Patriotic Fundraising in NSWOverview of war time efforts
In 1920, General Sir William Birdwood, Commander of the Australian Corps, stated:
It has been said that the Australian soldier was looked after better than any other man in the field. All I can say is he was worth it.(1)
Throughout Australia a wide range of patriotic, comfort and voluntary aid organisations sprang into action as soon as war was declared. The vast amounts of money raised and goods donated not only went towards providing vital comforts for Australian soldiers, but to help out Australia’s Allies, such as France, Belgium, Poland and Russia.
The Boer War at the turn on the century set the precedent for patriotic fundraising. In that conflict, private subscriptions and funds (as opposed to government money), were put towards the repatriation of soldiers and the care of their dependents.(2) However, at the beginning of World War I, the Federal Government decided to take on the responsibility for the repatriation of soldiers, the care of wounded soldiers and the ongoing care of soldier families.(3) Fundraising groups, therefore, had to look for new avenues to support the war effort.
Ernest Scott, in his chapter on The Patriotic Funds in Australia during the War, Vol. XI of The Official History of Australia in the War,(4) identified three primary forms of aid:
- Comfort and relief aid for soldiers under the command of a medical commanding officer: medical facilities included military hospitals and convalescent homes. Organisations like the Red Cross Society provided this type of comfort and relief aid. Many local patriotic funds around New South Wales fundraised specifically for the Red Cross.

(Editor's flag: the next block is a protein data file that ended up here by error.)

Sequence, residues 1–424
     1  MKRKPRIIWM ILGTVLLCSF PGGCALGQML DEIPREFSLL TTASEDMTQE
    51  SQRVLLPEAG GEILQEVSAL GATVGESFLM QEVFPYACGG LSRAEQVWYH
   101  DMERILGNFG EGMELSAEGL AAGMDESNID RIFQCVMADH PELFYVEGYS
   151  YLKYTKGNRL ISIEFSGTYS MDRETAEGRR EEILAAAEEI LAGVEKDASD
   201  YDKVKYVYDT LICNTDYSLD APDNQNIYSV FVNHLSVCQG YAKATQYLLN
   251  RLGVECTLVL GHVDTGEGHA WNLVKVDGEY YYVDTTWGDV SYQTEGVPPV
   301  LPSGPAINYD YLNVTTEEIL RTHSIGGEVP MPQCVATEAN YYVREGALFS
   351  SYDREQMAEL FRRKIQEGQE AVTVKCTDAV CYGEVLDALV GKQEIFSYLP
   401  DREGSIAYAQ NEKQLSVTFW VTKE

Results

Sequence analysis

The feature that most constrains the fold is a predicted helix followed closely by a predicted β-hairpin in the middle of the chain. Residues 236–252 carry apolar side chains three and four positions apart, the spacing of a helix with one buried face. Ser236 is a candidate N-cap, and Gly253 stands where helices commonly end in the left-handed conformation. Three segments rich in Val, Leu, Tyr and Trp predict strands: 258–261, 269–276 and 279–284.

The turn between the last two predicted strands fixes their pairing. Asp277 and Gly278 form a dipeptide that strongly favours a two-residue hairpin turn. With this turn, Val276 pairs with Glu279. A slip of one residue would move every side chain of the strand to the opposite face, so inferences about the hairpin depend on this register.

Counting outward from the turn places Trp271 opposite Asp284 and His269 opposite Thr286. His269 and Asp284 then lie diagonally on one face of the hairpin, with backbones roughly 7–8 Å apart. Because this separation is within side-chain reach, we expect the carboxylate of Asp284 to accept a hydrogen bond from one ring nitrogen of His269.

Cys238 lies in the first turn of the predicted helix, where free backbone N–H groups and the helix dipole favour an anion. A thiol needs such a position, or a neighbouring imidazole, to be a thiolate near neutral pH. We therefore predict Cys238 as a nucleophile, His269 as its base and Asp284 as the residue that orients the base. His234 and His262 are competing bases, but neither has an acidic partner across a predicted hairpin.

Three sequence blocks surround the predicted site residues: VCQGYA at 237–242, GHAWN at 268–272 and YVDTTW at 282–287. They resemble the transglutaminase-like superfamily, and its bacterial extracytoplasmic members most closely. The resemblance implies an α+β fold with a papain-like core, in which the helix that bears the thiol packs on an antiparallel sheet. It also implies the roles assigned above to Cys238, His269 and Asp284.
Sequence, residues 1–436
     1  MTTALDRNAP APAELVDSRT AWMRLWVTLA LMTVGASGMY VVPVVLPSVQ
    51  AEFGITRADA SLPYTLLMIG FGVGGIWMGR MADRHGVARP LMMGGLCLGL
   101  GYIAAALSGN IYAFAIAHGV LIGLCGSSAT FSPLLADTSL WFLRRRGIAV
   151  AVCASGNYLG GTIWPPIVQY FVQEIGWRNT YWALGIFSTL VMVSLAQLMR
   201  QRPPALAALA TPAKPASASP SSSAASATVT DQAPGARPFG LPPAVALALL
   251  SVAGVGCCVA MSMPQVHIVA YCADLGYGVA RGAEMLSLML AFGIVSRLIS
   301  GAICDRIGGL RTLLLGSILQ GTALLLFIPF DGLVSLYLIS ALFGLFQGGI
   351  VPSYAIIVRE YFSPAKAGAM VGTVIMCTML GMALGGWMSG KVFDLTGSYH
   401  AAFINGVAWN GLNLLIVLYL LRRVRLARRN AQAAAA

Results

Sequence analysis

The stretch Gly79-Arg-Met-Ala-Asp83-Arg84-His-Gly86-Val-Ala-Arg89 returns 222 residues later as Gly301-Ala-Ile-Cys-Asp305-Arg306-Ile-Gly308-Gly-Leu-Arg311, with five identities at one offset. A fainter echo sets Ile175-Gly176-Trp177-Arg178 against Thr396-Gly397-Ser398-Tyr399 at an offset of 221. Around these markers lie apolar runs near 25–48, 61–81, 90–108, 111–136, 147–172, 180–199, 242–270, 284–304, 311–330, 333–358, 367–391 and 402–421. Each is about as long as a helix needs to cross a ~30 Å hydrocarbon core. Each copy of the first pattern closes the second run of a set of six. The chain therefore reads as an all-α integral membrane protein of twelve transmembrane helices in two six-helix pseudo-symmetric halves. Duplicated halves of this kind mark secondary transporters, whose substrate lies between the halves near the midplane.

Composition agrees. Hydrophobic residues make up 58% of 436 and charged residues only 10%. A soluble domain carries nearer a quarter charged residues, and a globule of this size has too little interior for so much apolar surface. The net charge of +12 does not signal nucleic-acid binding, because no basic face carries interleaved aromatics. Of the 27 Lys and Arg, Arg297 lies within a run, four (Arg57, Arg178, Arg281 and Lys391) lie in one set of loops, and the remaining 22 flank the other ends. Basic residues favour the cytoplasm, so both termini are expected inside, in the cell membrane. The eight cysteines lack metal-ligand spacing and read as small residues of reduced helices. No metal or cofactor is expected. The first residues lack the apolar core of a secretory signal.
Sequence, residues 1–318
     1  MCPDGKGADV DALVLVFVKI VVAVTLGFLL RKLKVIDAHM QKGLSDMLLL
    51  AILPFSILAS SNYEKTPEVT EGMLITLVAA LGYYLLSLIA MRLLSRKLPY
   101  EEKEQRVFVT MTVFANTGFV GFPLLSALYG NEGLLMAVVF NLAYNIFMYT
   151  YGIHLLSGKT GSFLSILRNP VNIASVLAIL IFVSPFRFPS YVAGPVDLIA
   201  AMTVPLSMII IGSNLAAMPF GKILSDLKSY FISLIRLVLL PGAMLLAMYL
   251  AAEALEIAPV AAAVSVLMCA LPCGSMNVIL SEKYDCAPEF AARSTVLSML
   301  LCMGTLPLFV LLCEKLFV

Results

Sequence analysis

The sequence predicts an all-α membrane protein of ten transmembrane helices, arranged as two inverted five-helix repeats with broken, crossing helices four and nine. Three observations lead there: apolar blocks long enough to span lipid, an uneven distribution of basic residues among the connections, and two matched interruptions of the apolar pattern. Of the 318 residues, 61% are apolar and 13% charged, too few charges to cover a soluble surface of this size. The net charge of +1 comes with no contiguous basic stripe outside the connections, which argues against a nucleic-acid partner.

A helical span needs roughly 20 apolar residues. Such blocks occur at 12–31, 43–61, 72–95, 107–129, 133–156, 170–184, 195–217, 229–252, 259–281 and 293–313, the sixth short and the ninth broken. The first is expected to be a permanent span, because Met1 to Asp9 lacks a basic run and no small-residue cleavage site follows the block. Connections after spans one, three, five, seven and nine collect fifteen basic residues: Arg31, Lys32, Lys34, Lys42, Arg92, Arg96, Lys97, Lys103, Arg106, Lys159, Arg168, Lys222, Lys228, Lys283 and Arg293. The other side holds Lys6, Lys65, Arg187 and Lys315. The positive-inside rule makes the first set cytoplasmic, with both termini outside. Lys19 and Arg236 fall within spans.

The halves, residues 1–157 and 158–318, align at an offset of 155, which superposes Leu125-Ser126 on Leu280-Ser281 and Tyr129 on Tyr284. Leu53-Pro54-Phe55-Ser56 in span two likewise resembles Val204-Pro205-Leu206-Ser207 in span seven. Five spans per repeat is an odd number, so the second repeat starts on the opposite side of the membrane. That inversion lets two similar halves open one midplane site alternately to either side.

- Comfort and relief aid for soldiers under the command of a military commander: this included comfort and relief aid, such as food, clothing and recreational activities for front-line soldiers. Organisations like the War Chest Fund and the Australian Comforts Fund provided this type of aid.
- Patriotic Funds and Relief Aid Special Days: Special fundraising days were held throughout the war, often to provide national relief aid to Allied countries such as France and Belgium. Special days were also held to benefit specific comfort funds like the Red Cross Society.
The commitment and enthusiasm shown by the patriotic fundraising groups of all types lasted throughout the war years. Ernest Scott estimated that up to 1919, patriotic funds across Australia raised at least £12,121,872 and New South Wales contributed an estimated £4,877,045.(5)
The NSW Government also continued to give generously to patriotic funds. A NSW Treasury report shows that from 1914 to 1916 the Government had donated a total of £87,035 to patriotic funds since the outbreak of war, with the two largest donations being to the Allies Day Fund (£29,674) and to the Belgian Relief Fund (£28,307).(6)
(1) Scott, Ernest, Official History of Australia in the War of 1914-18, Vol. XI, 7th Ed., 1941 (Ch XXI), https://www.awm.gov.au/collection/RCDIG1069950/, accessed 2 May 2015, p.738.
(2) Ibid., p.699.
(4) Ibid., pp 714-717.
(5) Ibid., p.737.
(6) State Archives New South Wales: Premier’s Department; NRS 12060, Letters received [9/4732] B16/1666.